Some of these practices are
- Evaluation Of Thoughts
- Patients recovering from addiction review their automatic negative thoughts and search for solid evidence that proves and contradicts these thoughts.
- They are required to list the evidence in favour of or against the automatic thoughts and indulge in a comparison and a contrast to the thoughts.
- This helps them eliminate the bad thoughts and stick with the good thoughts.
Example "My manager thinks I'm useless." I need to have a drink to feel better" turns into "It's ok to make mistakes, and I will learn from them. My supervisor may in fact think highly of me for being able to learn from my mistakes. This will lead them to realize that they don't need alcohol to feel better.
- Behavioural Experiments
- By evaluating these thoughts, one gets to understand the better behaviours to follow.
- Some people can better judge themselves while others can complement themselves.
- Behavioural experiments are just about understanding what works best for a particular individual to a situation.
Example "I'm likely to binge drink less if I am hard on myself during and after the binge drinking" vs. "I'll probably have fewer drinks if I am talking to myself kindly after the session of binge drinking."
- Imagery Based Exposure Technique
- Here, the patients are encouraged to remember something bad that happened before that causes them to feel terrible.
- This will involve assessing all the features such as feelings and the responses they had to that particular feeling.
- Frequently by visiting the painful memories a recovering addict can reduce the anxiety caused by the memories over a period of time.
Example A young man emphasises on uncomfortable memories of his childhood. Everything they went through at that time is clear as day to them. Eventually, repeatedly remembering this episode gives him less pain, and he doesn't feel the need to take drugs or drink alcohol to ease this pain.
- Pleasant Activity Program
- This is a technique that is executed by drawing up a schedule of fun yet healthy activities to provide recreation and breaks from the everyday routine.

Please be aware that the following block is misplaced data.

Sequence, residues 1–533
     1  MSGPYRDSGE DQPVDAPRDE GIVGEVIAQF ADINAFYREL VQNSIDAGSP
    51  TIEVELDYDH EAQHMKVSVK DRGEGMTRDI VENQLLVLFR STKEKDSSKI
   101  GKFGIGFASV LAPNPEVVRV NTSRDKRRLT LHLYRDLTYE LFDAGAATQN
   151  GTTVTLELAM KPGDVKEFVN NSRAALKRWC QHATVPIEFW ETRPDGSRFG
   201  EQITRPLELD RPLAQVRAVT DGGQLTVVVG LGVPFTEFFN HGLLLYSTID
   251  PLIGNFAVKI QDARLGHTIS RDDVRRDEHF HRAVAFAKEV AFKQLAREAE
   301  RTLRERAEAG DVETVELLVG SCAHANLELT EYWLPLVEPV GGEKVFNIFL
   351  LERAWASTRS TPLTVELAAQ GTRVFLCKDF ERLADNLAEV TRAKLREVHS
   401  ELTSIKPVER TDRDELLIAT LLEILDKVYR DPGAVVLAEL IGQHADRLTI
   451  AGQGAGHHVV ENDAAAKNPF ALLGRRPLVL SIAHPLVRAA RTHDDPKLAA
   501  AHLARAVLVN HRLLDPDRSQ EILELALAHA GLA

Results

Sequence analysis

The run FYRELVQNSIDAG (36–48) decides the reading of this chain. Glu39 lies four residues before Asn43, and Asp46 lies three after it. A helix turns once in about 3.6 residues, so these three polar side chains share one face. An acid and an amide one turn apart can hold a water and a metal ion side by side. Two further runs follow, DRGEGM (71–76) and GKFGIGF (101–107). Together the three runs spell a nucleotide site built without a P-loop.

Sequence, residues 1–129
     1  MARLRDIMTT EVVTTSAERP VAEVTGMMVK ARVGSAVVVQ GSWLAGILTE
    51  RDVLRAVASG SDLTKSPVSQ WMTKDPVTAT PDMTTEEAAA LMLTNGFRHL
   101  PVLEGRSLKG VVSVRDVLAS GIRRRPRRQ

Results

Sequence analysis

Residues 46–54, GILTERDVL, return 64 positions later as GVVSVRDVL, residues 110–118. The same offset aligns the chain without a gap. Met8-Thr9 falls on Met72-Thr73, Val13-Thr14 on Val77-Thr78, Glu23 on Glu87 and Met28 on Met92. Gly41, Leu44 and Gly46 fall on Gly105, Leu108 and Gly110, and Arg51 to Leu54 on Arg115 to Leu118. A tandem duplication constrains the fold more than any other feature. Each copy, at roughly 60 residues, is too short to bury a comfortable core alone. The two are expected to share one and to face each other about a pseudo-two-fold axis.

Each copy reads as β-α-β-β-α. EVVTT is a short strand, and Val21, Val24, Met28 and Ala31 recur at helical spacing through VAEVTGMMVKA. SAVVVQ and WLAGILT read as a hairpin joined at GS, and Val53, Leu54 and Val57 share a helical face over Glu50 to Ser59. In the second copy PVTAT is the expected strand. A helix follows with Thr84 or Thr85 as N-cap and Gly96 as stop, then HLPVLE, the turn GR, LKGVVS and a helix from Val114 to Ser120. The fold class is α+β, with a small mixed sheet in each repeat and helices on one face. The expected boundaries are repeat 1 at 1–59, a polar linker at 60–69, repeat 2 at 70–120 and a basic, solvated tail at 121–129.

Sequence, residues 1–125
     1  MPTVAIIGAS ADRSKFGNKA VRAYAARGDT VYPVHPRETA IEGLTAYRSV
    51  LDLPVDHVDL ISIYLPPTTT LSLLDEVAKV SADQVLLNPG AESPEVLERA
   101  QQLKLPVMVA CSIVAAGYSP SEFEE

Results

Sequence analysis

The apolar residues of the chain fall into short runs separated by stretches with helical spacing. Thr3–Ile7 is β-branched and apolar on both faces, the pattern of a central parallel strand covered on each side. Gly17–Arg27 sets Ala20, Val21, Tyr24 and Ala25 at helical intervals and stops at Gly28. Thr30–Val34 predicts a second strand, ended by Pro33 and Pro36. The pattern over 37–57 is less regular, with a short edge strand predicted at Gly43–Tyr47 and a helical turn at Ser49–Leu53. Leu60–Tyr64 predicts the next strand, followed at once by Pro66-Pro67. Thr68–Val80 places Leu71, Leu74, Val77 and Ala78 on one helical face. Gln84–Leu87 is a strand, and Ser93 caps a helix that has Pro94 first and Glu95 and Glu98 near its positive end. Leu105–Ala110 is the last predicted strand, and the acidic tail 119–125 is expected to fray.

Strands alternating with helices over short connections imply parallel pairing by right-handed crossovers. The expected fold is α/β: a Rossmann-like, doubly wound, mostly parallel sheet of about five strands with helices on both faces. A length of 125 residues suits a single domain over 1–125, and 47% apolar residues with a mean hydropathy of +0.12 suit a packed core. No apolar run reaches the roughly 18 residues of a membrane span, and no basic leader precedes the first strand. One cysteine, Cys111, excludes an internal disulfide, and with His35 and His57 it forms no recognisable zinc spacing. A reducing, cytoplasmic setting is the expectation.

- The key is to have activities that are uncomplicated and easy to execute while bringing out positive feelings.
- The need to use drugs or alcohol can be reduced with the help of these activities since they will help to curb the negative thoughts that tend to creep up automatically.
Example In the place of drinking or indulging in drugs while working, a worn-out financial advisor unwinds at his desk for quarter an hour daily. They may choose to use that time to listen to some music or read on something interesting.
Difference Between Other Therapies And Cognitive Behavioural Therapy
Cognitive Behavioural Therapy provides a perfect alternative to less effective and engaging treatment techniques.
The CBT sessions aren't simply about the therapist quietly listening while the patient goes on and on about their lives. The addicts and the therapists will be working with each other to treat the addiction.
Cognitive Behavioural Therapy is based on action oriented, quick treatment. Most of the 60 - 90 day rehab programs have CBT as a component that equips addicts with immediate techniques to help in coping.
It may takes years to see tangible results with most psychotherapy methods. More often than not, CBT needs 16 meetings to deliver significant results.
CBT therapy can be adapted to make it effective in outpatient or inpatient programs as well as in counselling sessions for groups or an individual. Numerous therapists and addiction treatment centres are commonly including CBT along with the recovery plans which are offered by them.